-I got very kind letters of reference from the people who have given them to me. That's nice. Though I wish I didn't have to be getting letters from them in the first place.
-A girl said to me, "Ms. Grownup, how do you spell cereal? I forgot." We figured it out together, she waited a moment, and then exclaimed, "Hey! That's how you spell it in Spanish!" This one girl is really the only one of my students who is being taught to read (and write) in Spanish at home by her monolingual Spanish-speaking mother. She is also the strongest reader in the class. I'm pretty sure the two are somewhat connected. (That is, the support she is being given at home by a parent who stresses the importance of literacy in Spanish, is greatly effecting her English language acquisition and her English language literacy.)
-At a staff development the other day, we were not allowed to sit together with our grade levels, which is how we usually seat ourselves. I ended up sitting at a table with two other teachers and the principal. (We were supposed to have a variety of grades and positions at each table.) My principal declared that she had gotten the good table. Then, when I made a comment about the topic we were discussing, she volunteered me to share my idea to the whole staff. I'm such a horribly embarrassing teacher's pet (even when I'm the teacher...) but I do love knowing that my principal thinks highly of me and my ideas, despite my many struggles as a first year teacher.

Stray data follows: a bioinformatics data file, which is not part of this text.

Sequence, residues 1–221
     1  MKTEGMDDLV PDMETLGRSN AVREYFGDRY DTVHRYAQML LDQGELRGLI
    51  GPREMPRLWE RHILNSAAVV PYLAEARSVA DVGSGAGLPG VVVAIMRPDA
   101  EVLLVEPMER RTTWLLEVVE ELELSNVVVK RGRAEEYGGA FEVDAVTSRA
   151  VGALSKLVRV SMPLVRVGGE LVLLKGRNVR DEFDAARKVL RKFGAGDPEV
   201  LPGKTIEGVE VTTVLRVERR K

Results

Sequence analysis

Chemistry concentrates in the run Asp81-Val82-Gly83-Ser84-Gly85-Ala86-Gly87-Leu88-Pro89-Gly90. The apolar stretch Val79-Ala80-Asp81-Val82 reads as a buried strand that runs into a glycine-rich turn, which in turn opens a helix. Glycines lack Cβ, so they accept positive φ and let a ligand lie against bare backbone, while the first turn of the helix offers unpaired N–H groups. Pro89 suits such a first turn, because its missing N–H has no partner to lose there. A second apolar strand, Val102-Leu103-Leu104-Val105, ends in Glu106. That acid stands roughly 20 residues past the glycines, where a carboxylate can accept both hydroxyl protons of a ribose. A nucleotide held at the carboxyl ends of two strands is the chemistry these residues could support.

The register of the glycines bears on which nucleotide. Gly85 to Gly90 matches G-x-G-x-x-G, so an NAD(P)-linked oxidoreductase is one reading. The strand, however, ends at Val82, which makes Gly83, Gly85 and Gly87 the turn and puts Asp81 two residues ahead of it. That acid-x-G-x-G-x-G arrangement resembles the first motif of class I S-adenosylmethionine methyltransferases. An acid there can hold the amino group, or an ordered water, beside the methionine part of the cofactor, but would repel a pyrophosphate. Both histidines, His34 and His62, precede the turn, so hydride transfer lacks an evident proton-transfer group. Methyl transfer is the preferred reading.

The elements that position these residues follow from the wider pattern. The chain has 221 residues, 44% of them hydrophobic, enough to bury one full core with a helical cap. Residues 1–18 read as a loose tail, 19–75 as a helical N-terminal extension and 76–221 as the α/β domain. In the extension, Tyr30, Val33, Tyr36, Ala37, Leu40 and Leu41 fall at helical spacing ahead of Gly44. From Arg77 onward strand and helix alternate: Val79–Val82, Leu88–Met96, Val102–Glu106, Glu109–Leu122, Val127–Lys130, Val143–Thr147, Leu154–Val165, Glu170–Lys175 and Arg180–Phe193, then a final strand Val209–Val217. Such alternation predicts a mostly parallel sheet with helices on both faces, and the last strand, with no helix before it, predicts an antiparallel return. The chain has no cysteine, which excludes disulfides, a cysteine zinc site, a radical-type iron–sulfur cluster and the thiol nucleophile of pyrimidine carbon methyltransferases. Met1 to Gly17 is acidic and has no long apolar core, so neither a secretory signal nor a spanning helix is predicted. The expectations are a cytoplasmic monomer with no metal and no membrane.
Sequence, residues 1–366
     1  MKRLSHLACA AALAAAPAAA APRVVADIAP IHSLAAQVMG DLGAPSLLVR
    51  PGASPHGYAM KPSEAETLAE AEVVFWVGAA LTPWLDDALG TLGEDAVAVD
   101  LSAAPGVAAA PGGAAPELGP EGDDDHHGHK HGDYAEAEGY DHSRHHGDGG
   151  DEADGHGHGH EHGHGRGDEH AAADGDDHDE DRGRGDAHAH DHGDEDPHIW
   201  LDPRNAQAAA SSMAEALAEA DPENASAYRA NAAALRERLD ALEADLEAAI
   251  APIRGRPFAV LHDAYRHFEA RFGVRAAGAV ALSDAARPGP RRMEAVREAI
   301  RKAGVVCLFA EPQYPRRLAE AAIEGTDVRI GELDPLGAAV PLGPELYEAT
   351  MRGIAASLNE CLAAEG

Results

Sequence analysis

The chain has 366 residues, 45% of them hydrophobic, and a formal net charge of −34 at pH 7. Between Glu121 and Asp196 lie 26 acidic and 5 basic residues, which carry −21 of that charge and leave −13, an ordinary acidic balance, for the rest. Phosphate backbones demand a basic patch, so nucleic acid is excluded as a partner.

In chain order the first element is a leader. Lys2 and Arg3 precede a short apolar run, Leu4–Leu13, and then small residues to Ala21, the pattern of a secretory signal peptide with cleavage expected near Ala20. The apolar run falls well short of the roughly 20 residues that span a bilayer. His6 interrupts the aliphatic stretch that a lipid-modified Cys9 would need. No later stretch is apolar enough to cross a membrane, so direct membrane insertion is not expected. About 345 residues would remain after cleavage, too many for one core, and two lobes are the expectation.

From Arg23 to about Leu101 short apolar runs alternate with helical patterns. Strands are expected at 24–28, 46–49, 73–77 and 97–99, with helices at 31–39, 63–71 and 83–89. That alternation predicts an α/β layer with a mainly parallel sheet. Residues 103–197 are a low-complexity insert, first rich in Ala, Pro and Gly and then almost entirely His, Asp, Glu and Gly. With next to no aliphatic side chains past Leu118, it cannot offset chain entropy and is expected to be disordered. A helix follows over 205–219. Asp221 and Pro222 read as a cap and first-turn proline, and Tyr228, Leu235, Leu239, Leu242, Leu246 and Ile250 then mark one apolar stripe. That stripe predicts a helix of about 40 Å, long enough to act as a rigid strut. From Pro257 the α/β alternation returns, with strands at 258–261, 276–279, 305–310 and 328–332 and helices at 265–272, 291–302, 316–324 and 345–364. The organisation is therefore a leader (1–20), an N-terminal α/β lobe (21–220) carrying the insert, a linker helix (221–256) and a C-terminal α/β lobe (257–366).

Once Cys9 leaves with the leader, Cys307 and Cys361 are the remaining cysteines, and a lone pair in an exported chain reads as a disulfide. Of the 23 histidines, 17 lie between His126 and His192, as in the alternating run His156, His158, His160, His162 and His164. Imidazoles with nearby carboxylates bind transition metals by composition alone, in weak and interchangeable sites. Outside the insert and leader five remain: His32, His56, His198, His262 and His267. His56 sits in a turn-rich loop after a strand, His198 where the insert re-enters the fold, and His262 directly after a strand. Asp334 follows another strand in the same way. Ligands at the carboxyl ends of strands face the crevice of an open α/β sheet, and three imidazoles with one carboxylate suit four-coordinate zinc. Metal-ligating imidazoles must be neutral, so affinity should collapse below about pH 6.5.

-On the topic of being a teacher's pet, I also stupidly volunteered to be observed by a huge group of people. I have no idea why I decided this was a good idea at the time, because now I know it was a move whose only outcome will be immense amounts of stress. It's not like I'm going to be working with these people next year. Nothing I do, no matter how good or bad, will impact my employment situation in the district. I have nothing to prove to anyone. Except, apparently, I like the challenge of being observed by a large, judgmental team of important people from my school and district office. (Ironically, I think the only two teachers in the school who volunteered for this observation were myself and my neighboring teacher. Again - we're similar in so many pedagogical/teaching ways.)